When I was 14, I picked up Sabriel, by Garth Nix. Sabriel lived on one side of the Wall but always knew she belonged to both sides and was singled out for it in both places. Despite living in a fantasy world, with her dark hair and her dark eyes and written, as she was, by an Australian author, I knew deep in my heart that she was a mixed-race Australian girl, just like me.

Science fiction and fantasy was always my safe place, as a kid; a place where my idiosyncrasies were nothing more than that, where my brown skin and my black hair weren’t out of place. I read, almost exclusively in English, and I could always find some kid with dark hair, some girl with olive skin. I knew exactly what our future held: a whole lot of mixed kids, amorphous brown kids of varying hues, just like me, and also space ships.

Instead, the science fiction future I have found myself in is a sea of scientifically improbable white faces, and I have sadly and with deep regret left most English-language fantasy behind to its its fae and its beautiful red heads and its dragons shaped all wrong. I found myself drifting away despite my wishes: disillusioned by yet another Anglo-Celtic barely veiled Arthurian dragony thing with some barbarous coloured people and a whole lot of white people (GoT, I’m looking at you); surrounded by  humans on colonising, conquesting adventures through time and space. I started reading Chinese SF instead, but as a first generation adventurer into the world while that’s an option for me that’s not an option for all brown kids in an English-language world.

In 2011 I was on a panel at Continuum called The Dark Side of Steampunk. During it I ranted and I waved my hands and I’m pretty sure I nearly ended up in fisticuffs with other panelists over the things about which they were wrong (everything, but especially race and ethnicity) and afterwards someone I had never met, someone not white, had come up to me and, shaking, told me how happy they were that I had said every word.

Earlier that year The Wind-Up Girl was the Swancon bookclub book; at the panel discussing it, the bad bits were brushed aside so time could be spent on the good bits, and I sat there, choking on my loathing.

I have felt uncomfortable in Australian fandom for a long time. I go to cons, but I feel ill at ease, and as the years have gone by I have become more and more angry that I have to negotiate these spaces, these discussions where I am invisible, where to be of colour is to be the other, where male voices are the default, where I have educate rather than debate.

So in 2013 I chaired a Continuum. It is one of the biggest things I have ever done. I invited two non-white Guests of Honour (though in the end, only one was able to come), and everybody who came on board the committee was told in explicit words exactly what I wanted to achieve. I understand that it’s a slow process, an ongoing process. This year I was so proud of the programme we put together, its focus on putting all sorts of views forward and expanding horizons and challenging assumptions and even doing the 101 work, which I don’t mind doing. The panel simply titled “Social Justice 101” overflowed out the door and certainly was too full, but it worked and it challenged the people in my SFF community and for that I am grateful. This blog is a direct outlet of that, a direct result of that panel and the success of this con.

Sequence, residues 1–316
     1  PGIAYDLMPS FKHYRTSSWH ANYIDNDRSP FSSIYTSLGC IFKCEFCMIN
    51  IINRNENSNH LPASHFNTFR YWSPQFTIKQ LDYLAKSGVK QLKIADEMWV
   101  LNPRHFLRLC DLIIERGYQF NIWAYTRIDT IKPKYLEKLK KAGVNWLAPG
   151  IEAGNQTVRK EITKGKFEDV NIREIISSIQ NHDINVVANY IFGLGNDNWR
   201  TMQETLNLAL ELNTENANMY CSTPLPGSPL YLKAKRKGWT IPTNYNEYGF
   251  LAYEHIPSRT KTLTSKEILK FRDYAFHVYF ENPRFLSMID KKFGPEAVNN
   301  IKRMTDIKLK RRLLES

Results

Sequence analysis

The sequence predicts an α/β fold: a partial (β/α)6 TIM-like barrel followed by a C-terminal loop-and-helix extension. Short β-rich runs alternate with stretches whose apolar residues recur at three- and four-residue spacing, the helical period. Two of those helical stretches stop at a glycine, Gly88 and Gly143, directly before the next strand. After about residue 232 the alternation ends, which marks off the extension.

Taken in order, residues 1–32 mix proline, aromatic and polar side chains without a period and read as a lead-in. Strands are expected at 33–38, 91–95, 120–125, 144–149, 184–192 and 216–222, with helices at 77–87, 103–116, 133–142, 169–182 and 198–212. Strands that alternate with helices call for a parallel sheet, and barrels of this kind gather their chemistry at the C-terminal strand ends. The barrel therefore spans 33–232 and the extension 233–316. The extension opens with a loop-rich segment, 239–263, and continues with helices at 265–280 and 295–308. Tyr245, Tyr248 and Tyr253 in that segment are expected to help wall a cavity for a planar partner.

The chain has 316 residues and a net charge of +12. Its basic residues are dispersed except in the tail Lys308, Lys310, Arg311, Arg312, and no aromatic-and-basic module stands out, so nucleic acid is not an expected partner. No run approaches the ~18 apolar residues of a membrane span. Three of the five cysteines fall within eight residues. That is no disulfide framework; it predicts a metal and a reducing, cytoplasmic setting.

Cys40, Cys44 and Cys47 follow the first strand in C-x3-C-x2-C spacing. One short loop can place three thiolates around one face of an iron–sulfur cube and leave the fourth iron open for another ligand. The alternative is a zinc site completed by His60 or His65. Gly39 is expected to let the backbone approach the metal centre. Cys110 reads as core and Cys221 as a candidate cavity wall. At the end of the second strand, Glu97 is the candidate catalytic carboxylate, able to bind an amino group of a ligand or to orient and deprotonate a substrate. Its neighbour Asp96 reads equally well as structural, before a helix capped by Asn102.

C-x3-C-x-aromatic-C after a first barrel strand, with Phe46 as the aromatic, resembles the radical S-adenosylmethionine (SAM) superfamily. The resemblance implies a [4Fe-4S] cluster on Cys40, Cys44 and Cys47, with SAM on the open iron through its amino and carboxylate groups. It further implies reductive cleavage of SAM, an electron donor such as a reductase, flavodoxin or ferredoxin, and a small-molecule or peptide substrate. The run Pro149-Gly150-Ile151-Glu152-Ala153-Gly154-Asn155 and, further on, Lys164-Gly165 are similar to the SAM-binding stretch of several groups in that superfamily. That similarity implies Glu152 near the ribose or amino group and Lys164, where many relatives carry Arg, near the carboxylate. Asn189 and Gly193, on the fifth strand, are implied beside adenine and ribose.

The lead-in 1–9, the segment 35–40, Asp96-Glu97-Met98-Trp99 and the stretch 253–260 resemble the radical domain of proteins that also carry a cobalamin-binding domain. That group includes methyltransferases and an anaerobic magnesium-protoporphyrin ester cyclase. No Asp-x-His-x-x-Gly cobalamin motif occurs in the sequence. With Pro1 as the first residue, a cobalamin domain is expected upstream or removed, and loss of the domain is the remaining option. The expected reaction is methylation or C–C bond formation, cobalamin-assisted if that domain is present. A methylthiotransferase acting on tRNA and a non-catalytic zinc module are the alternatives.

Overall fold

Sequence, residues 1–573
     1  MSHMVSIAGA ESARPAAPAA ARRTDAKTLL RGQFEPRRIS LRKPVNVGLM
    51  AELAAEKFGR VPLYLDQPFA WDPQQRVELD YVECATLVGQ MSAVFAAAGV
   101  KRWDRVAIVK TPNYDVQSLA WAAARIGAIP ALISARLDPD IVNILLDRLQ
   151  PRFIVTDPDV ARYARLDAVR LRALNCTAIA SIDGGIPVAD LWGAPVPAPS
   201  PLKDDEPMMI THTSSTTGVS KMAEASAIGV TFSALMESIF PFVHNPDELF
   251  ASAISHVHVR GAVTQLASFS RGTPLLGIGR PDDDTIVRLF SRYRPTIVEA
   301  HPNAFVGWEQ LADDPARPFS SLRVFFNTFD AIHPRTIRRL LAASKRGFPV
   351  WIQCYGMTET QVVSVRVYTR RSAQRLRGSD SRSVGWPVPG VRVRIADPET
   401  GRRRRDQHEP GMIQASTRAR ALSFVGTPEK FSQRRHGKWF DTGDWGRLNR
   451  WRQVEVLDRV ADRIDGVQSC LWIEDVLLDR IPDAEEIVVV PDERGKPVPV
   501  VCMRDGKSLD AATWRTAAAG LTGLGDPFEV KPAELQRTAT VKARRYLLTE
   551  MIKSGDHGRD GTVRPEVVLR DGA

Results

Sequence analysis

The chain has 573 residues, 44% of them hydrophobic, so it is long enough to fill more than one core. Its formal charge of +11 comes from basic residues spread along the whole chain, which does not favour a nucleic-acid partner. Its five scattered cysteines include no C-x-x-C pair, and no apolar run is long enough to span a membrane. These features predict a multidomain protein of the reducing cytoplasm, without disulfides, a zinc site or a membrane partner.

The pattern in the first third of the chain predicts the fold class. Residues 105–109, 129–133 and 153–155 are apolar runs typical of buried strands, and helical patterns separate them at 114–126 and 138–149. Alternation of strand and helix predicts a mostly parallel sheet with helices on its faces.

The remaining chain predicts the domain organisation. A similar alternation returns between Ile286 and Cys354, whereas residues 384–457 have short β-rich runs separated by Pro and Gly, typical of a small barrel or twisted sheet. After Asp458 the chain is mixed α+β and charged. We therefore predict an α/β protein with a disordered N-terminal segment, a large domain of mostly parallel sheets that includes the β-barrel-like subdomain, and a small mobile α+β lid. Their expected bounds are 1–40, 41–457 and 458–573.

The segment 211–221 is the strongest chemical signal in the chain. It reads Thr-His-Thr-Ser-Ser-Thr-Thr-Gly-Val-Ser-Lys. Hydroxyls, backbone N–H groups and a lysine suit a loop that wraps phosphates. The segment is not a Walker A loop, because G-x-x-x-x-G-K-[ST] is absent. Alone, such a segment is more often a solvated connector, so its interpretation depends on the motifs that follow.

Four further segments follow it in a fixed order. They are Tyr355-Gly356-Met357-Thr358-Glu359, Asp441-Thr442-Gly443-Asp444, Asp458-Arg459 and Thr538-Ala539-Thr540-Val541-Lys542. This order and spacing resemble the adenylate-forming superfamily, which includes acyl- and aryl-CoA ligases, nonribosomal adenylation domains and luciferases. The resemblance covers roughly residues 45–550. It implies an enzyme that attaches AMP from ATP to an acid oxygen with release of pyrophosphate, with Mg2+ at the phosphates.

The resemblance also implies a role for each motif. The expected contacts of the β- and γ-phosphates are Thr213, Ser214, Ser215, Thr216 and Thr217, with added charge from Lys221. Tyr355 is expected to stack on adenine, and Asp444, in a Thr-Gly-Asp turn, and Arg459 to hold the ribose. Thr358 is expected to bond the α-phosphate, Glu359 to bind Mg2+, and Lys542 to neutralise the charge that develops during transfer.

I kept my plans secret, for a while, aside from telling my committee. But in the programme I said it outright. My welcome was:

Our theme this year is Contraindicators. Speculative fiction and pop culture often challenges assumptions and dominant story lines, but so often it is complicit in all sorts of unpleasant things. This year Contraindicators seeks to actively challenge that, to create new and surprise endings, incorporate different themes, and to poke at assumptions and stereotypes. Contraindicators is about intersections and things that start off one way and don’t finish the way you think they will. It’s about cryptids. It’s about challenging the dominant paradigm. It’s about creating a space where people feel comfortable to talk about the things that make them feel uncomfortable in fandom, about working together to change our space into Our Shared Space.

In my opening speech I was even more explicit, talking about my experiences of racism and disillusionment within fandom, and within stories. I am sick of being quiet and polite about this! I want everyone to have to think about this, to have to challenge their own assumptions and be shaken from their privilege.

Not many of us panelists were people of colour, this year; but as the programme continues in this vein (which I hope it will; certainly it has the blessing of the next chair), and we continue to work towards a space where people can feel comfortable and as people see a community where their own faces are welcome, and reflected, I hope that this will change, and I won’t have to abandon this community and this SFF world that I do, in fact, quite enjoy.

This blog is not the only space in which I’m working towards my goals, but it’s the one that’s currently foremost in my mind, and I’m super excited to be sharing this space with Liz, one of my favourite people in fandom and real life.

As Liz mentioned, an important part of this space is that it’s primarily a not-USAmerican space; we are two Australian ladies of varied backgrounds, and this space reflects that, because my science fiction future also doesn’t involve USAmerica saving the world.

ALSO this blog is not just about me being Azn. It’s also about other things. But.

Fifteen years later that same copy of Sabriel still sits on my shelf, currently wedged between Cindy Pon’s Silver Phoenix and Margaret Mahy’s The Changeover. I haven’t read it in a while, but everything I ever hoped for, and everything it ever gave me, still holds true, and I will always love it for that.